hackers turned focus to U.S. experts on Iraq: security
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[July 08, 2014]
By Joseph Menn
SAN FRANCISCO (Reuters) - A
sophisticated group of hackers believed to be associated
with the Chinese government, who for years targeted U.S
experts on Asian geopolitical matters, suddenly began
breaching computers belonging to experts on Iraq as the
rebellion there escalated, a security firm said on
CrowdStrike Inc said that the group is one of the most sophisticated
of the 30 it tracks in China and that its operations are better
hidden than many attributed to military and other government units.
CrowdStrike co-founder Dmitri Alperovitch said he has "great
confidence" the hackers are affiliated with the government, though
he declined to provide many details on the matter.
China's Foreign Ministry repeated that the government opposed
hacking and dismissed the report.
"Some U.S. Internet security firms ignore the U.S. threat to the
Internet and constantly seize upon the so-called China Internet
threat. The evidence they produce is fundamentally untrustworthy and
unworthy of comment," spokesman Hong Lei told a daily news briefing
CrowdStrike has a number of former U.S. government officials on its
staff and has produced a number of influential reports on overseas
The United States will press China to resume cooperation on fighting
cyber espionage to ensure an orderly cyber environment, a senior
U.S. official said on Tuesday ahead of annual talks between the
world's two largest economies this week in Beijing.(Full Story)
Over the past three years, CrowdStrike said it has seen the group it
calls "Deep Panda" target defense, financial and other industries in
the United States. It has also gone after workers at think tanks who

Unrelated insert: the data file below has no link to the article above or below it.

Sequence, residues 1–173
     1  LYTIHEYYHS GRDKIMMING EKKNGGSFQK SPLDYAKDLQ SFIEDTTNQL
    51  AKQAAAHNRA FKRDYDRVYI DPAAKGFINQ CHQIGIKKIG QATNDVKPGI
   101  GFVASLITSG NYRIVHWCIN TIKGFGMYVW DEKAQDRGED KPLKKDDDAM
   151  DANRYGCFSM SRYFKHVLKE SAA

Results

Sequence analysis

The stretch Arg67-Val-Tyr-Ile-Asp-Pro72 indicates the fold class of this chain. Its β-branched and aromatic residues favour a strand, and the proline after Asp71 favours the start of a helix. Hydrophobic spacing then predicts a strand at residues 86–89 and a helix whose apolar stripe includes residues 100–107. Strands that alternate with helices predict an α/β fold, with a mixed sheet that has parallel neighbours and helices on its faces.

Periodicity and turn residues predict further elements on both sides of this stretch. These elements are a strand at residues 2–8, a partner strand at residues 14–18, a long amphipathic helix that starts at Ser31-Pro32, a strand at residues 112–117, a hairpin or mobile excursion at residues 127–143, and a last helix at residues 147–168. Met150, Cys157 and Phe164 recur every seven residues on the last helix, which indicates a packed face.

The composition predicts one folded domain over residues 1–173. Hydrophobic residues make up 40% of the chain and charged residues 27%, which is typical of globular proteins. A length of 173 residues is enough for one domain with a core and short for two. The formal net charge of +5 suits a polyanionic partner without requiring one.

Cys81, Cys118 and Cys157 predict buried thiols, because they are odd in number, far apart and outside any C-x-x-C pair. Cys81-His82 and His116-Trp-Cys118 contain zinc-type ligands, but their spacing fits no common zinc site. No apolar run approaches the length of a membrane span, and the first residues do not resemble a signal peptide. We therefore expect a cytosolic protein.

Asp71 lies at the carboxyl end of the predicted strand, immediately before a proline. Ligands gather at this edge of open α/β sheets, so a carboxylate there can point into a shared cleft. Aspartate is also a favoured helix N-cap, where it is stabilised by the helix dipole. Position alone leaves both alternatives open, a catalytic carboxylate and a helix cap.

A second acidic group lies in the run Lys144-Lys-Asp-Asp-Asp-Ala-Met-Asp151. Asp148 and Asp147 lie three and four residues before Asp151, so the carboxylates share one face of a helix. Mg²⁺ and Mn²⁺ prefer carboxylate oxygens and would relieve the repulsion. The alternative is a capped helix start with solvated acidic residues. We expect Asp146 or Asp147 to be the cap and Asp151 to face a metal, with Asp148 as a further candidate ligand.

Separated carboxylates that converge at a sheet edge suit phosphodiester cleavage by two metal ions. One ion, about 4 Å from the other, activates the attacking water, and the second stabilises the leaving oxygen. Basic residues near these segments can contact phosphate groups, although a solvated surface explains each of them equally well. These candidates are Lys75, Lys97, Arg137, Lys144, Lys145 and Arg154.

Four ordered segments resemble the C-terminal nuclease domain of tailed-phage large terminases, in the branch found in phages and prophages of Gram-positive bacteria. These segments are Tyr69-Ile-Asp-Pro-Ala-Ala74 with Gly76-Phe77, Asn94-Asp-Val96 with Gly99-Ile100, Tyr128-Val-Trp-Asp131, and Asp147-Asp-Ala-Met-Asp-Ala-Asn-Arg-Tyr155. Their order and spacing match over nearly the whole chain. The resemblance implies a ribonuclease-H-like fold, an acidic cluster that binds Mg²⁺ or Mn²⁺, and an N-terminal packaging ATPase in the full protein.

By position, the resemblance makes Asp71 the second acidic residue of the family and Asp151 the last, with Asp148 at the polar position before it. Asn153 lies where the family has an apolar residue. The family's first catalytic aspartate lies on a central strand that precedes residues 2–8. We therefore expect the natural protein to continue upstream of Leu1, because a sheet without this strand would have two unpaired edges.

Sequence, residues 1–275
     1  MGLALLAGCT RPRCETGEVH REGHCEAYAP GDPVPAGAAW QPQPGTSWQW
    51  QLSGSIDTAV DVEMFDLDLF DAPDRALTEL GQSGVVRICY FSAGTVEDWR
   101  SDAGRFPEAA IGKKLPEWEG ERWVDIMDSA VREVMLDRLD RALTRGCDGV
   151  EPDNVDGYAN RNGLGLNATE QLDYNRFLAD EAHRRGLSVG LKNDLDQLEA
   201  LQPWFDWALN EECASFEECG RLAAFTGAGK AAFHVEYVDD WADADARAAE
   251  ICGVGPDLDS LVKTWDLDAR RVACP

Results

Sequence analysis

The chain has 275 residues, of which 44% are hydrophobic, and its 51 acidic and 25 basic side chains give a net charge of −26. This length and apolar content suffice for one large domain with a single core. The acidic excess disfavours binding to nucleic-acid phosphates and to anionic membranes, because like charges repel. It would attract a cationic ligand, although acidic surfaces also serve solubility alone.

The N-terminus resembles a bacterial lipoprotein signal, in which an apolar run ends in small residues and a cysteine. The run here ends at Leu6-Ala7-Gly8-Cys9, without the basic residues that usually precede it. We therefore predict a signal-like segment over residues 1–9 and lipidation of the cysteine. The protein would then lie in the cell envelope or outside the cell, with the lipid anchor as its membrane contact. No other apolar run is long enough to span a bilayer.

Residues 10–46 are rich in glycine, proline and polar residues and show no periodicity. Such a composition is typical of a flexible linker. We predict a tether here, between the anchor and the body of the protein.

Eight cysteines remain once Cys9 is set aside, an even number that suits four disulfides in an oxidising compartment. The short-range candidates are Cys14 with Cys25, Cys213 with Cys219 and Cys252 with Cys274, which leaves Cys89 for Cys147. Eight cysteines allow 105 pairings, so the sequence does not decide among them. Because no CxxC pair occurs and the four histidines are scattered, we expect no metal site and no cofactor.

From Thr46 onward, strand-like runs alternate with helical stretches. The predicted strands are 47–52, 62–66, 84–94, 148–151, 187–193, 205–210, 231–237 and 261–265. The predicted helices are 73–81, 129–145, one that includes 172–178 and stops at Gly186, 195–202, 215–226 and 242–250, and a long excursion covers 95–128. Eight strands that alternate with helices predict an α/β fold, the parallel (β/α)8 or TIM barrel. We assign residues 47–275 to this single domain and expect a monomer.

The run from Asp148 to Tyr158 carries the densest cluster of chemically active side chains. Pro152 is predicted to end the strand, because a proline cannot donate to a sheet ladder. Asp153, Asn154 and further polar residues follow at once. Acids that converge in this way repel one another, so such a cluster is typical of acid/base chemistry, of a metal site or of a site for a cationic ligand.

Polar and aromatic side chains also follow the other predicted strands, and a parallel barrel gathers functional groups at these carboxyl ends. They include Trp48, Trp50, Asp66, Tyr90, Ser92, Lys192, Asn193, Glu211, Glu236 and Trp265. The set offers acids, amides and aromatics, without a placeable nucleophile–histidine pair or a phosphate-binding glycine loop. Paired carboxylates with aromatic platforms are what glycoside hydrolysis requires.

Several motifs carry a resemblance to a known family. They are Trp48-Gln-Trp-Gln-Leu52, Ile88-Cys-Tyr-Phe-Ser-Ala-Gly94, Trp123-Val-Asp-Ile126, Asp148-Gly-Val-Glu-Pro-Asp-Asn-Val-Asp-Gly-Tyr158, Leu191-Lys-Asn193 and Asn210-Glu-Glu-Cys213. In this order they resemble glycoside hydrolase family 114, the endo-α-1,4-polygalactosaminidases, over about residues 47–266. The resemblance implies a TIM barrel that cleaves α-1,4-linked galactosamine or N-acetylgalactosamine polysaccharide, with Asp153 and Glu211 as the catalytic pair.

specialize in Southeast Asian affairs, including former government
On June 18, the same day the rebel group Islamic State of Iraq and
the Levant, which is also called ISIS, attacked an oil refinery, the
Chinese group began going after the digital documents of U.S. think
tank employees who are experts in that region, Alperovitch said.
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He said that Iraq is the fifth-largest source of crude for China,
while China is the largest foreign investor in Iraq's oil
infrastructure, so it would be natural for China to be concerned
about the insurrection and potential U.S. responses.
Alperovitch said that while hacking groups suspected of government
backing do shift the industries they are going after, he could not
recall such a sudden change in "tasking" before this.
"It really suggests you have pretty good control from probably very
high levels of Chinese government over these individuals," he said.
Alperovitch declined to identify the think tanks, which are using
CrowdStrike's detection and analysis tools free of charge.
(Additional reporting by Michael Martina and Lesley Wroughton in
BEIJING; Editing by Bernard Orr and Matt Driskill)
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